Attorneys for the man convicted of killing 16-year-old Phylicia Barnes have asked a judge for a new trial, arguing that prosecutors made improper statements to the jury and withheld information.
Michael Maurice Johnson was convicted this month of second-degree murder in the death of Barnes, a North Carolina high school student, who was visiting relatives in Baltimore when she disappeared in December 2010.
Most of the arguments made by Johnson's attorneys center on a crucial witness named James McCray, who testified that Johnson contacted him for help in disposing of Barnes' body.
Defense attorneys Ivan Bates, Russell Neverdon and Tony Garcia say prosecutors tried to bolster McCray's credibility by making improper statements in closing arguments.
They say prosecutors withheld information about McCray being held in Baltimore County on felony charges that were dropped "mysteriously" the day after he spoke to investigators about Barnes' murder.
More broadly, they say the jury's verdict after two days of deliberations went against the weight of the evidence.
"The only evidence presented constituted a collaborative guess by multiple witnesses that the defendant was involved in the murder of Phylicia Barnes," they wrote in a motion for a new trial filed Friday. "The only actual connection between the defendant and the killing itself was one witness whose credibility falls well below that of which any reasonable person could believe was telling the truth."
Prosecutors declined Tuesday to address the defense allegations and said they would respond to the motion "in due course."
Circuit Judge Alfred Nance, who questioned the state's case during the trial but allowed it to go to the jury, could rule on the motion at sentencing, scheduled for March 20.
If the verdict stands, Johnson could be sentenced to 30 years in prison.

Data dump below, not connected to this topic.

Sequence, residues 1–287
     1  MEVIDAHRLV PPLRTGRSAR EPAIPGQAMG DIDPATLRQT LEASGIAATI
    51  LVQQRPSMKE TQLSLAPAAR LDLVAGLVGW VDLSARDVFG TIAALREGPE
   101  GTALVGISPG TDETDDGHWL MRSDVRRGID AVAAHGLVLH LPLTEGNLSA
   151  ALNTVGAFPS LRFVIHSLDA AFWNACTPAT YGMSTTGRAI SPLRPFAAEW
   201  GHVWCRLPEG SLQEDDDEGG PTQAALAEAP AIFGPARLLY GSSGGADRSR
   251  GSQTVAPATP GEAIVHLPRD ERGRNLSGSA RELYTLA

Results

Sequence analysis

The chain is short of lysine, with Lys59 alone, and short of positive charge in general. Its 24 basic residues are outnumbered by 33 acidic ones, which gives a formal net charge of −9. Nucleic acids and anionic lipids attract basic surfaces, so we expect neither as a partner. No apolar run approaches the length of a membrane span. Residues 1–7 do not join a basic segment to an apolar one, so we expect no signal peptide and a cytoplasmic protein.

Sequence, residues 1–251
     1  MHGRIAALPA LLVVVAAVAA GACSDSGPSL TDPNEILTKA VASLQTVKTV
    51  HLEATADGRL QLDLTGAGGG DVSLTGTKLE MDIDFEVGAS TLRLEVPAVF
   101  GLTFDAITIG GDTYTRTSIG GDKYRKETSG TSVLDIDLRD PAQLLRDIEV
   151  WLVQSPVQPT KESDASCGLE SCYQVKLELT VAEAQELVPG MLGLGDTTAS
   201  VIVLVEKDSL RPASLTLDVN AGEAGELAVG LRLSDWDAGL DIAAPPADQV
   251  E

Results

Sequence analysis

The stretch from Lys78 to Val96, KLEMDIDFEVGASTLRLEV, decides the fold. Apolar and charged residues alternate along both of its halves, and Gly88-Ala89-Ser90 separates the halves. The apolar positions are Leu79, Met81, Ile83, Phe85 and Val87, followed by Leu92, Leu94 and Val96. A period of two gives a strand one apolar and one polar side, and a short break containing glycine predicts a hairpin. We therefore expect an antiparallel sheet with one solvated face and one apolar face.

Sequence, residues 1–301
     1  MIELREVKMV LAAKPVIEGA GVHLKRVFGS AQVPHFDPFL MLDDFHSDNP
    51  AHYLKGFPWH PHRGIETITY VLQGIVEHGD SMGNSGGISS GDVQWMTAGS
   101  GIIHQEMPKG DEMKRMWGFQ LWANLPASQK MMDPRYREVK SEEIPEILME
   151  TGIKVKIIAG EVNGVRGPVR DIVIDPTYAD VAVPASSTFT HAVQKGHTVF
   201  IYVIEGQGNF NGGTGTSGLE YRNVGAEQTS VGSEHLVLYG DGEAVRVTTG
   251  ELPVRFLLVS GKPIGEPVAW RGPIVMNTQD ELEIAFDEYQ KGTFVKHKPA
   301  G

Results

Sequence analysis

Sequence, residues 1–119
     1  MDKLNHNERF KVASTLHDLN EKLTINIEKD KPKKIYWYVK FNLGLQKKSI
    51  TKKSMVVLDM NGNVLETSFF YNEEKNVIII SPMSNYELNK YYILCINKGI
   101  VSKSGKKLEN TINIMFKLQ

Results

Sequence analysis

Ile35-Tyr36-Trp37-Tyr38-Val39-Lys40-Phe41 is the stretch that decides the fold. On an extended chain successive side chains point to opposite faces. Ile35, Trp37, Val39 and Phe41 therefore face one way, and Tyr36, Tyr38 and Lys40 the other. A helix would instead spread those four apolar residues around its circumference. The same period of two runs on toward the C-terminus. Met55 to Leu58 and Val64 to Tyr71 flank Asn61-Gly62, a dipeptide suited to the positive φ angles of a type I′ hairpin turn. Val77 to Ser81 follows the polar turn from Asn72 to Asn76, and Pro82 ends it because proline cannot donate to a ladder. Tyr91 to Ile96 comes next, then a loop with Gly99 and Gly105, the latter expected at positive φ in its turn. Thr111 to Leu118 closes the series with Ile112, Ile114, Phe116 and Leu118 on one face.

McCray, described as a petty thief by prosecutors and a jailhouse snitch by the defense, testified that he came forward to tell investigators about his role in the Barnes case after experiencing pangs of guilt while sitting in a jail cell, months after Johnson had been indicted.
McCray said Johnson, whom he vaguely knew through an underground business, told him he had strangled Phylicia after raping her, and that McCray told Johnson how he could evade detection.
But he also gave the wrong date of the crime and wrong floor for Johnson's apartment. And defense attorney's say the advice McCray allegedly gave Johnson contradicts the evidence: McCray testified that he told Johnson not to use anything from the house to move the body, but prosecutors say Johnson used a plastic container from the house.
McCray said he told Johnson to turn off his phone so it couldn't be tracked, but Johnson's phone remained on and cell tower data was presented to the jury.
Barnes' body was found in the Susquehanna River near the Conowingo Dam in April 2011, nearly four months after her disappearance.
The state argued that McCray's testimony could be believed because he knew certain facts — such as that Johnson referred to Barnes as "little sis" — that had not been released to the press.
Johnson's attorneys raised objections to those comments during the trial. Nance agreed and advised jurors to disregard them. But in their motion, the attorneys contend that the comments still made an impact.
The motion says prosecutors failed to tell the defense attorneys that McCray was incarcerated in Baltimore County at the time of Johnson's arrest and was able to see local news reports about the case. At trial, it was implied that McCray was being held in Charles County.
The motion alleges that felony charges against McCray in Baltimore County were "mysteriously dismissed the day after he gave an interview to Maryland state troopers regarding the defendant's case."
"The state strenuously argued throughout their case that Mr. McCray did not receive anything in exchange for his testimony and was … 'testifying to be a Good Samaritan,'" the defense motions says. "Evidence that Mr. McCray had seven charges dismissed against him by the neighboring jurisdiction's State's Attorney's Office the day after he spoke with officers regarding defendant's case would clearly have been useful in rebutting the state's argument that he did not in fact receive anything."